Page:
Andrew Harding

Name ID 1139

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Extract Author: Andrew Harding
Extract Date: 16 March, 2001

Bloodsucker flies torment lions

Nairobi, Kenya

Lions in Tanzania are being driven to an early grave by swarms of bloodthirsty flies.

The flies have been particularly prevalent in one of the world's most famous wildlife parks, the Ngorongoro Crater.

There, the blood-sucking insects are literally pestering the lions to death.

The big cats are so traumatized by the experience that they forget to eat, and spend all their time trying to hide, climbing up trees and crouching in long grass.

They are, as one conservation official put it, dying of trauma.

So far, at least six lions are reported to have been killed by the flies in the Ngorongoro Crater - a spectacular wildlife reserve set in the middle of an old volcano.

The flies are a breed called stomoxys - they have sharp tubes sticking out of their mouths, which they use to suck blood.

They have been attacking the lions' open wounds, causing considerable pain.

The flies' numbers are believed to increase rapidly when there is an extreme climate change. After a long drought, it has been raining heavily in the park.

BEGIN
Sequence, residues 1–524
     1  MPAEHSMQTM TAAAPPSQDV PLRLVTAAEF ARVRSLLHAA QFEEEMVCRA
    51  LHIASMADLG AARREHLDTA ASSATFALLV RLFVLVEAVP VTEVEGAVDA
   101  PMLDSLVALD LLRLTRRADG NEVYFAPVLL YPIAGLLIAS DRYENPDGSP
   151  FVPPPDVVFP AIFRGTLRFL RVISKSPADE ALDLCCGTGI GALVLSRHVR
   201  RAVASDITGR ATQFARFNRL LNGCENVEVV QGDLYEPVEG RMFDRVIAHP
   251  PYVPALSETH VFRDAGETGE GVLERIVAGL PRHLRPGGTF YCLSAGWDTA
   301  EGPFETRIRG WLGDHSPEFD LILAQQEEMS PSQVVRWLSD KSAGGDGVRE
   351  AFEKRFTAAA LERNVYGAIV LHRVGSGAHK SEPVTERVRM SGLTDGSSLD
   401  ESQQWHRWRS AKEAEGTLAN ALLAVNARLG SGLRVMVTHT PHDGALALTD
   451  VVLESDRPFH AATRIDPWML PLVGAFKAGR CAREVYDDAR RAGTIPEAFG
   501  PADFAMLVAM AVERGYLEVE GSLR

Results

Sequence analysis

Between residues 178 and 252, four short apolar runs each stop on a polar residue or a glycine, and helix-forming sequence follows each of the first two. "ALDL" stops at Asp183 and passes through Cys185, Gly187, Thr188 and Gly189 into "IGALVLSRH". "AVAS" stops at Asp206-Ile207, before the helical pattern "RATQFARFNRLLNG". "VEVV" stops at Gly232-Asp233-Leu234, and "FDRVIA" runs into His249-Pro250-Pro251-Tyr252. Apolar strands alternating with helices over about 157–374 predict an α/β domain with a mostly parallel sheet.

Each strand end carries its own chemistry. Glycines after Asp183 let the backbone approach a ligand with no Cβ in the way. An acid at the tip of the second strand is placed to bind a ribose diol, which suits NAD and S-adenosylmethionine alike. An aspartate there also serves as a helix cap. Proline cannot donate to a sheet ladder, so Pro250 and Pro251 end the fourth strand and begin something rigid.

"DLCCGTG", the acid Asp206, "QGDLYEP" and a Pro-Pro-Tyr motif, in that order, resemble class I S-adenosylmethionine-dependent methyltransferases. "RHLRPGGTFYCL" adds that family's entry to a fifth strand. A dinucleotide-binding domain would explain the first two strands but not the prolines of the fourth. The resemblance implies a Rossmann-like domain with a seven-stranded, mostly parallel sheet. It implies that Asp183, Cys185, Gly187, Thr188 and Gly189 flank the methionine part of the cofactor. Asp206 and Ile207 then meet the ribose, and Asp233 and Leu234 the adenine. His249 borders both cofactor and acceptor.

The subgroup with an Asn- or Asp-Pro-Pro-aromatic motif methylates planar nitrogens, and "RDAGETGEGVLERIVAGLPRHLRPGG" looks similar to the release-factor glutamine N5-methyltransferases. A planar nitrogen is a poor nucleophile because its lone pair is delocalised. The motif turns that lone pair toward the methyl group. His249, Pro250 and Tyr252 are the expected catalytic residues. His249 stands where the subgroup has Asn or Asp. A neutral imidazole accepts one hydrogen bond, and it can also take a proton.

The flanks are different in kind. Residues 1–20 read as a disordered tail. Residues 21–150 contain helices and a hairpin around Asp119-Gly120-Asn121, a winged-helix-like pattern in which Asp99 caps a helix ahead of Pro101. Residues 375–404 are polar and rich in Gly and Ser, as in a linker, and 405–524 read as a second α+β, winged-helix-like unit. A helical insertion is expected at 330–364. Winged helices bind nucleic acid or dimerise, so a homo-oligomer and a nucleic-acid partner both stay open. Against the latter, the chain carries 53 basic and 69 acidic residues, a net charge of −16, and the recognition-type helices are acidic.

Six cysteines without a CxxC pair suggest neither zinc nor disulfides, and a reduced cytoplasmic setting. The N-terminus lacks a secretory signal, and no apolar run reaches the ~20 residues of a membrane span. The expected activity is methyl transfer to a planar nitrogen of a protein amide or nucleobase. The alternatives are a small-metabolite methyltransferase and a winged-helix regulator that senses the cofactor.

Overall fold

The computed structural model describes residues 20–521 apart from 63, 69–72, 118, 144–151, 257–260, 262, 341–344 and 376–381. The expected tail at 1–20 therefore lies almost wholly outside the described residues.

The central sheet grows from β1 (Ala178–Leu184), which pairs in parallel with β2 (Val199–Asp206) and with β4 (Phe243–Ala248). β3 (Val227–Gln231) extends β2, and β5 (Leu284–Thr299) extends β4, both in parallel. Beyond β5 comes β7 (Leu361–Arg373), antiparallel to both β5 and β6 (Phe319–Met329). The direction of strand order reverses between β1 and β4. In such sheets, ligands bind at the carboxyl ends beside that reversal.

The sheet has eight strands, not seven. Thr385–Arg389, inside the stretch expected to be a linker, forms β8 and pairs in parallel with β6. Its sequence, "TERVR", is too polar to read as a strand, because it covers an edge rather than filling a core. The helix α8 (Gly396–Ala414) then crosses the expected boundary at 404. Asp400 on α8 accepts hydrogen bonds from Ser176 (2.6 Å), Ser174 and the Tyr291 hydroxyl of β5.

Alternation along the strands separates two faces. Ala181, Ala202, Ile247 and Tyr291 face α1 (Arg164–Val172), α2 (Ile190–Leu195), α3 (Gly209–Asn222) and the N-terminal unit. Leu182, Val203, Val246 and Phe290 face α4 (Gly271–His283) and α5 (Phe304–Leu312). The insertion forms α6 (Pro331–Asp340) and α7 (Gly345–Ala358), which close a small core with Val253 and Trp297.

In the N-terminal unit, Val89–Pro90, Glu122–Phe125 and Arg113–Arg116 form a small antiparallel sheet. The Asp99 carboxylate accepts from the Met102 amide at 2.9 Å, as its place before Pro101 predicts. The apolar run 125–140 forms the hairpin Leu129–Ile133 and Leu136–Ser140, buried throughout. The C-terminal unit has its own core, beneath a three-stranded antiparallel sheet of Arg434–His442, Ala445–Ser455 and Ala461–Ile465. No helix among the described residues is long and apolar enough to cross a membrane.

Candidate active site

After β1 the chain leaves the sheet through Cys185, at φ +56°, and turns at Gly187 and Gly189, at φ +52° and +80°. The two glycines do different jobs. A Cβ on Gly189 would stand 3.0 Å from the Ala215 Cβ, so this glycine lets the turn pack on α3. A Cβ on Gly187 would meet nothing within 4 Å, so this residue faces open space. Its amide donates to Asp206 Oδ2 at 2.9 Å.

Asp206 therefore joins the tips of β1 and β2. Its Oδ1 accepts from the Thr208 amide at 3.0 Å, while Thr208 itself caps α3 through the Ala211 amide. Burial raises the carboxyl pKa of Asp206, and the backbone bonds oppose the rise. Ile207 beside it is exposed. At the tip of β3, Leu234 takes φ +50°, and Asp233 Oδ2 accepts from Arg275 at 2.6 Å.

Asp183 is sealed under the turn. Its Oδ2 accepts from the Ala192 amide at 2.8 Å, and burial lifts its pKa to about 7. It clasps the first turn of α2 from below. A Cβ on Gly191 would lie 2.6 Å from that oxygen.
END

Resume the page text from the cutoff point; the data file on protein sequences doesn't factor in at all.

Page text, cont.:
Intervention unlikely

Scientists from around the world have been helping the Tanzanian authorities to identify and deal with the problem.

But these are not farm animals, and wildlife officials say they are reluctant to intervene with pesticides or any other treatment.

They argue that the laws of nature should be allowed to take their course - the survival of the fittest.

In fact, the flies are not the only menace to larger animals in the Ngorongoro Crater.

Since May last year, hundreds of buffalos, dozens of zebras, five rhinos and three hippos have reportedly died in mysterious circumstances.

A disease called east coast fever, and another called Babesiosis are suspected.

Extract ID: 3127